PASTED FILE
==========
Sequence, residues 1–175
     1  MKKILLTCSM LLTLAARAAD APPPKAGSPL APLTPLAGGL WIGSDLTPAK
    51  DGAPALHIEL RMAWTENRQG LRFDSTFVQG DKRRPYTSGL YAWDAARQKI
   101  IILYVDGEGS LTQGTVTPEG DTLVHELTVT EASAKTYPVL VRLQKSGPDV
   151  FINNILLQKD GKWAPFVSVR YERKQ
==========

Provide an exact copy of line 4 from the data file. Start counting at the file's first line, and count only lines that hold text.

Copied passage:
   101  IILYVDGEGS LTQGTVTPEG DTLVHELTVT EASAKTYPVL VRLQKSGPDV